Yet I do not doubt that the teachings of Jesus, like those of the Buddha and of the Upanishads, will continue to enrich individual lives.

What matters less than converting to Islam, to Judaism, to Christianity or Buddhism, is setting out on one’s own journey towards the Truth. And so the closing words of Christopher Fry’s play, A Sleep of Prisoners, resonate:

Affairs are now soul-size.
The enterprise is exploration into God.
Where are you making for? It takes
So many thousand years to wake.
But will you wake, for pity’s sake?

What many people are increasingly discovering is that, although we each set out alone on our inner journey, we are in the company of other pilgrims. As Herman Hesse wrote in Journey to the East:

I realised that I had joined a pilgrimage to the East, seemingly a definite and single pilgrimage – but in reality, this expedition to the East was not only mine and now; this procession of believers and disciples had always and incessantly been moving towards the East, towards the Home of Light. Throughout the centuries, and each member, each group, was only a wave in the eternal stream of human beings. The knowledge passed through my mind like a ray of light and immediately reminded me of a phrase by the poet Novalis, ‘Where are we really going? Always home!’


Going on

A colleague has just e-mailed me, saying ‘I need to find some space within my head so that I can breathe amidst all the noise.’

It is a cry one hears increasingly in our ever more frantic world and yet the very solution to it we too often shrug away. How can sitting silently, following the breath as it comes in and goes out, or mentally repeating a word or a phrase, help us to find a space of calm, so that we are not pushed to and fro by conflicting emotions?

Like so many things in life we have to begin with a commitment. We have to reach a point where we realise that to take time out to meditate, to be silent, to be still, is essential to our well being.

All creative activity is a challenge and a testing, whether it is living out a relationship with another human being, bringing up children or creating a work of art. Time and time again we fail. But we should never despair. Each of us is a vulnerable human being, not a god, and though we may frequently stumble and fall, we do not give up. We pick ourselves up and continue. We persevere. For the dedicated actor every night is a first night, a fresh start. As Samuel Beckett says at the end of his novel Malloy ‘I can’t go on. I must go on. I will go on.’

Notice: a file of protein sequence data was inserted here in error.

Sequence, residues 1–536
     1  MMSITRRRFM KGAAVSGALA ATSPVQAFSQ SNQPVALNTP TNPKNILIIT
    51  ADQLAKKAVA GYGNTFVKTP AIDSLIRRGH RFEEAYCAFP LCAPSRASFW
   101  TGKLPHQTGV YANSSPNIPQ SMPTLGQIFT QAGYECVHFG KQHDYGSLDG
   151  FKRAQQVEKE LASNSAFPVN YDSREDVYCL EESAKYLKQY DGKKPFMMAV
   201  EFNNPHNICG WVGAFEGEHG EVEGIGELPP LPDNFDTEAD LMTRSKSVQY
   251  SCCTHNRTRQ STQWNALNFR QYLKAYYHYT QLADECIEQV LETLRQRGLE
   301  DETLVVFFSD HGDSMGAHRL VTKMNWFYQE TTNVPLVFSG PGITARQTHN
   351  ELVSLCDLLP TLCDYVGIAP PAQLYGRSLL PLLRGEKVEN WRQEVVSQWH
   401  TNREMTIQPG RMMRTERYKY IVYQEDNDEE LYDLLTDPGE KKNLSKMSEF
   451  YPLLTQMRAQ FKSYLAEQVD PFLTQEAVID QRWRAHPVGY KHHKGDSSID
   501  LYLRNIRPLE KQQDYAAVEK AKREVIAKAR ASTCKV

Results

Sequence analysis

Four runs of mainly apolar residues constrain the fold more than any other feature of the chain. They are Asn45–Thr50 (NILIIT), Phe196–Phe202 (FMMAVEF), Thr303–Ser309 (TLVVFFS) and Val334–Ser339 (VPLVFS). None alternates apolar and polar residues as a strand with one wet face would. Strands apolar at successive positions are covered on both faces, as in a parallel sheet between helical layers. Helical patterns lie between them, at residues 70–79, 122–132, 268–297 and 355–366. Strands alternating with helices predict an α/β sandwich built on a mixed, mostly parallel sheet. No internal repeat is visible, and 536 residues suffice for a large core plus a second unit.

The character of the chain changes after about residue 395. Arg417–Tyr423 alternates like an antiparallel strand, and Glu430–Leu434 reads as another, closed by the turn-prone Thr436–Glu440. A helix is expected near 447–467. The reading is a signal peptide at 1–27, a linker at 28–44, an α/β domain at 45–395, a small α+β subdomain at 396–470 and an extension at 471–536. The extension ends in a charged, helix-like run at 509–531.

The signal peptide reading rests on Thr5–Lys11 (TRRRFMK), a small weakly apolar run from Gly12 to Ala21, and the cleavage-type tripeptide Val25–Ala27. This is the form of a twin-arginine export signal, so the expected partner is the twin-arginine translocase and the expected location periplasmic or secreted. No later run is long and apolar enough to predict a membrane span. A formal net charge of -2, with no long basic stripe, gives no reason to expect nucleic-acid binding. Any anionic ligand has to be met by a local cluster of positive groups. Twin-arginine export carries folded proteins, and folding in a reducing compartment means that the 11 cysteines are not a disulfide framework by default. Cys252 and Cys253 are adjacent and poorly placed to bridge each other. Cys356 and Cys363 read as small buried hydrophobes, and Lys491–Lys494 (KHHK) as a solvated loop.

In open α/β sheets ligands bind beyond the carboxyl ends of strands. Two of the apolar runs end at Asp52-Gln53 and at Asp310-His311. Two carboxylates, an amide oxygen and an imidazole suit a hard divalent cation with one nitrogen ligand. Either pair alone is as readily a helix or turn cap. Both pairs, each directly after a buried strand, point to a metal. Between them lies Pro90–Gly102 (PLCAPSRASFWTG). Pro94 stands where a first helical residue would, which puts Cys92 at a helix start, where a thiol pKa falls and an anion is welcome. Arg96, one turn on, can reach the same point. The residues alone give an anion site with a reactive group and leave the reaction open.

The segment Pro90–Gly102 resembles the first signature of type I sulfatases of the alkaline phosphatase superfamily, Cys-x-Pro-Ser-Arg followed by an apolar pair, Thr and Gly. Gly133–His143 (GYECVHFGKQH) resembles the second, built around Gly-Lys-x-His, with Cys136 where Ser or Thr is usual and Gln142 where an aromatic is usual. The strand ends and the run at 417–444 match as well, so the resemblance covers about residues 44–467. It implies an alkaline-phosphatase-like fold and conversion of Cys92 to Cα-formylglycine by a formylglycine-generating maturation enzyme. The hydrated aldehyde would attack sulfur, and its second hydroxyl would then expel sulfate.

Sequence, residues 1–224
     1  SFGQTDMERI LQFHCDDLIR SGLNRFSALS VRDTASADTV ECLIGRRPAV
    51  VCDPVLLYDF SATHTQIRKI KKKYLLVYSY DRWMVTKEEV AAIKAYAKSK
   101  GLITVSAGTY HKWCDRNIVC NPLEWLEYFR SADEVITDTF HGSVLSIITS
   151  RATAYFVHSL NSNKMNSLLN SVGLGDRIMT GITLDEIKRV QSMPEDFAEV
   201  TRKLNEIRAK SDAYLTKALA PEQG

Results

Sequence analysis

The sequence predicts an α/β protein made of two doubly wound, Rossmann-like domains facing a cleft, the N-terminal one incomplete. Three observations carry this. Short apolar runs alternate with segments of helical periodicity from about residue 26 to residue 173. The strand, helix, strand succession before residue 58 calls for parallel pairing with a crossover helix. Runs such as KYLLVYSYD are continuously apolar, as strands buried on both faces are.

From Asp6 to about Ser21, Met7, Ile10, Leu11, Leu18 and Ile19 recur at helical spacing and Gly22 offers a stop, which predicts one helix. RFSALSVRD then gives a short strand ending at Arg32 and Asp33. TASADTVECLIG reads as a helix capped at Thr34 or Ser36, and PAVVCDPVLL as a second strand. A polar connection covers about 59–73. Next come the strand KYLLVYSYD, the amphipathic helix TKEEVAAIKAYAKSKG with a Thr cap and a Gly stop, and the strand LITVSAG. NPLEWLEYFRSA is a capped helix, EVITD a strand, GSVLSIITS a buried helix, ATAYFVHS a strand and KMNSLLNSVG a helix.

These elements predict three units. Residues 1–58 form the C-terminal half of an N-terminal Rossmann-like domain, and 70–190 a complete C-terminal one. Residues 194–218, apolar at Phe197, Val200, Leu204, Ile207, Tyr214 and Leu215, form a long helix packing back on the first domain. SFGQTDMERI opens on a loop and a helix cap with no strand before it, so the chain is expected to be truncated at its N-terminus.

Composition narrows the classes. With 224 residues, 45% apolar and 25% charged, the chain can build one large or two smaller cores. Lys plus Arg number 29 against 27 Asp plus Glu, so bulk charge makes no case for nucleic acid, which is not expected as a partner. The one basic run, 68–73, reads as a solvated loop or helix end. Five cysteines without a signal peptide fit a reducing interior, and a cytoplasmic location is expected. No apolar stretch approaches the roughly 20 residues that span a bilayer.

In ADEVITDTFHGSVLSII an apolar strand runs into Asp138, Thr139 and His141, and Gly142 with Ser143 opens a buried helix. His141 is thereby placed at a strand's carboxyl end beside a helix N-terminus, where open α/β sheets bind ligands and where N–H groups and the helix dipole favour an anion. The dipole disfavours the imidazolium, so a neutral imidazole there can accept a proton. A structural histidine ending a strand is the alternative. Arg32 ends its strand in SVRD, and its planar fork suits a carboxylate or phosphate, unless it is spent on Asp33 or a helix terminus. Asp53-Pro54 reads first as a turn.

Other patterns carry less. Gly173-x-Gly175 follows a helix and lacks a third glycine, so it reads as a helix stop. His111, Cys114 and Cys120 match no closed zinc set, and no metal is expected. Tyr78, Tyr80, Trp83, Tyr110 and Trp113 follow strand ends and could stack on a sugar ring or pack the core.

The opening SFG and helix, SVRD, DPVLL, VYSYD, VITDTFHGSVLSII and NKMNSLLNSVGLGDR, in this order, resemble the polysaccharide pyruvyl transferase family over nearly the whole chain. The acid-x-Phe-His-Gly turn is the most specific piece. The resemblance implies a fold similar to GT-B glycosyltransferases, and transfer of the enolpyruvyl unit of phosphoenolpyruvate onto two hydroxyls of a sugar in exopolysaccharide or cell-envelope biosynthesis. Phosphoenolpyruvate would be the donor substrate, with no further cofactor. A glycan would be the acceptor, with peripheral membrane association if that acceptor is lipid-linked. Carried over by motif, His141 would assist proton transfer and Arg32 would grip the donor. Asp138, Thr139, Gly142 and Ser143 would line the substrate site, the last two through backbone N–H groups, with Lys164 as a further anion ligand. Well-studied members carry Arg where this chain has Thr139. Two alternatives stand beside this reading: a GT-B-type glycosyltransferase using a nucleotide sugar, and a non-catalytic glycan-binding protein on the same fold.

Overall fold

I want to quote Etty Hillseum once again. She writes: ‘One must keep in touch with the real world, and know one’s place in it. To live fully, outwardly, and inwardly, not to ignore external reality for the sake of the inner life, or the reverse – that is the task.’

Sometimes people come to meditation and fall in love with their new-found sense of detachment. The practice can even become quite heady! But far from removing ourselves from the concerns and challenges of every day and of our neighbours we need to be reminded of the practical advice of Mother Ann Lee, the founder of the Shakers, who said, ‘Put your hands to work and your hearts to God.’

I recall the remark made at the end of my last school report by our very gifted teacher of English literature, who wrote of me, ‘He has his head in the clouds; he must learn to keep his feet firmly on the ground’. These were words of sound practical wisdom.

It is all too easy, in any form of spiritual practice, to become inflated or detached, and think oneself superior to others. It is important to realise that we all travel at different speeds, that we are each of us imperfect, yet capable of learning and growing in wisdom. We have to persevere. And we have to pay attention to our feet as much as our head. In this way meditation will eventually lead us to the ground of being.